Monday, January 05, 2015

A Bloom for the Arab Spring

The right people are finally asking the question, "why do they hate us?"

It’s inconceivable that the thinking that we hold most sacred should cause the entire umma [Islamic world] to be a source of anxiety, danger, killing and destruction for the rest of the world. Impossible! ...

I say and repeat again that we are in need of a religious revolution. You, imams, are responsible before Allah. The entire world, I say it again, the entire world is waiting for your next move… because this umma is being torn, it is being destroyed, it is being lost—and it is being lost by our own hands.

That was Egypt's president, Abdel Fattah al-Sisi. Wow. How Islamophobic, eh? But he speaks the truth. A "green line" around the borders of Islam is aflame, which creates that problem for the rest of the world.

When a leader of Egypt is not trying to legitimize his rule by appealing to a tame form of Islamist fervor to compete with the lunatic Islamists who want to establish a Taliban-like or ISIL-like government, that is good news.

I have not lost hope for the Arab Spring. Success is slow in coming, and by no means guaranteed (and it can go backwards, as we've seen), but it is a long project.

It gave me hope that those who marched in the streets in 2011 against autocratic rulers did not call for Islamist governance as the alternative. However much they did not know what "democracy" means, with all the rule of law that is implied in that term, they associated it with good things and wanted to try it and see if it could do better than military-backed rulers or mosque-backed rulers.

I said at the time that we have to teach them how to elect good men. That is, the process of democracy with that rule of law is the key part to reform and not the choice of any particular ruler.

And reforming Islam itself so that the fanatics become an even smaller part of the ummah which the majority can safely marginalize without being afraid of opposing them or having some sympathy for their goals if not their methods, is a key part of allowing a process of electing leaders who will not give Islam a bad name in the rest of the world. If the fanatics are allowed to define who the "good" men are, there is no hope.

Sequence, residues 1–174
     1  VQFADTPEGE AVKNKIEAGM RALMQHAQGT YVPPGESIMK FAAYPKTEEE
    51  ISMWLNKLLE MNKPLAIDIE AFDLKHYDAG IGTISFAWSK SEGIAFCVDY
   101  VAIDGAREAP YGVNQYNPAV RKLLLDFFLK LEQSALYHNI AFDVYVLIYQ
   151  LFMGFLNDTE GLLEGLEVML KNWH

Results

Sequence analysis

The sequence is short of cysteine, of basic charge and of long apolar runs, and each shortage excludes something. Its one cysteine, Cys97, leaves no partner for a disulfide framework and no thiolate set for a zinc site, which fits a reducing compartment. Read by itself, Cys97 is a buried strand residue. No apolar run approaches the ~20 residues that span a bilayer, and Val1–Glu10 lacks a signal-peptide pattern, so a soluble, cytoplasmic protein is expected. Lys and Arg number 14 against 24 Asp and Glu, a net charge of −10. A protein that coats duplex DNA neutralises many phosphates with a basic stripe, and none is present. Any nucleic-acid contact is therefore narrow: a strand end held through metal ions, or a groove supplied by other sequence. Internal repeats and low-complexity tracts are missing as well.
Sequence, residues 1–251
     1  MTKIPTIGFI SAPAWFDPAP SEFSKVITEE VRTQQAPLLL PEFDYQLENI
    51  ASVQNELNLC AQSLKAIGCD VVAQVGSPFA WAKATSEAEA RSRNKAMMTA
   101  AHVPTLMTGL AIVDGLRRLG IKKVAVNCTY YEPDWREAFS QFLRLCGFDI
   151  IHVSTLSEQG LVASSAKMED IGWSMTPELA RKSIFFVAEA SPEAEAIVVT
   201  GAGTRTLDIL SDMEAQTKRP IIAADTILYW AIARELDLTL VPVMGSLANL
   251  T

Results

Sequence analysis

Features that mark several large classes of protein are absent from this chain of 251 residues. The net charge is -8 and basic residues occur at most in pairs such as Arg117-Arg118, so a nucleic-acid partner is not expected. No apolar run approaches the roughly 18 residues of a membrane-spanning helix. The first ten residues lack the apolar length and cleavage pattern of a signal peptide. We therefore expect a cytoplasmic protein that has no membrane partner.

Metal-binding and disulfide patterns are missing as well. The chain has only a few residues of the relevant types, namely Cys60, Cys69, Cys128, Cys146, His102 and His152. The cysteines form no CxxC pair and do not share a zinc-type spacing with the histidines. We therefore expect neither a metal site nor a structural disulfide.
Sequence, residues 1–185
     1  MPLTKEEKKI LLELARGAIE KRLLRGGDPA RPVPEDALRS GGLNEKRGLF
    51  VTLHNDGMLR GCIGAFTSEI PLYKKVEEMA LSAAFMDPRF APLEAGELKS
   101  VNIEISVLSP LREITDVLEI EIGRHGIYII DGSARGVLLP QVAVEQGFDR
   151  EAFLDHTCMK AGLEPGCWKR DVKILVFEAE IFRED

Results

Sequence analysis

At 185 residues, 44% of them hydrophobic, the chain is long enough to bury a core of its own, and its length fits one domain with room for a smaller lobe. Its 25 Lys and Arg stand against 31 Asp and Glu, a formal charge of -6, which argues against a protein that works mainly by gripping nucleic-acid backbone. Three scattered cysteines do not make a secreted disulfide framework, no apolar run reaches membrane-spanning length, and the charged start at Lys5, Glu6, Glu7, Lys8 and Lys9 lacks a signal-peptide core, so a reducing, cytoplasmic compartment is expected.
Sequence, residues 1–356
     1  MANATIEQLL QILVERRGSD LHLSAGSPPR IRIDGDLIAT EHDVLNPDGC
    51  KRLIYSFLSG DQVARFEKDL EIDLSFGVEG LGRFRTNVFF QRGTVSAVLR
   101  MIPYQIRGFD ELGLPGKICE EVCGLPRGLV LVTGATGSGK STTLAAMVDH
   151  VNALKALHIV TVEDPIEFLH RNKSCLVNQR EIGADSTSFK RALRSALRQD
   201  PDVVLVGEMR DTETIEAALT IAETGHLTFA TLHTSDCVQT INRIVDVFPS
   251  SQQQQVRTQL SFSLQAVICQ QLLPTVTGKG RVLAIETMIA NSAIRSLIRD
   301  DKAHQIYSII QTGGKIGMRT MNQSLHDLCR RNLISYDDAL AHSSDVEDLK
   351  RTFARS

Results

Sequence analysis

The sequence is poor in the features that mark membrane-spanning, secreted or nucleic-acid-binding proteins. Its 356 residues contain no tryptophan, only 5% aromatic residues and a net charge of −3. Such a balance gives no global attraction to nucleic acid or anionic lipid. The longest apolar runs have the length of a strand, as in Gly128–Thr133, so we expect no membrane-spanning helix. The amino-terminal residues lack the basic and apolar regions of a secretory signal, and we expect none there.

The ground of the Arab Spring is surely rocky and difficult to cultivate. But the same can be said for every other part of the world that has made the long transition to rule of law and democracy. The notion that Arabs are incapable of living in a democracy is just ridiculous.

And if anybody but leftists who say that to undermine our efforts to fight he Long War said it, it would be considered racist.

We must not stop helping reformers make these fragile shoots bloom. Fighting the jihadis "over there" until Moslems can do so is one major thing we can do to make sure that we don't have to fight an endless war that erodes our civil liberties "over here".

UPDATE: The news media has missed this story. And this is the first I've heard of another bloom, in Bahrain. Tip to Instapundit for both.

New growth will die if kept in the dark.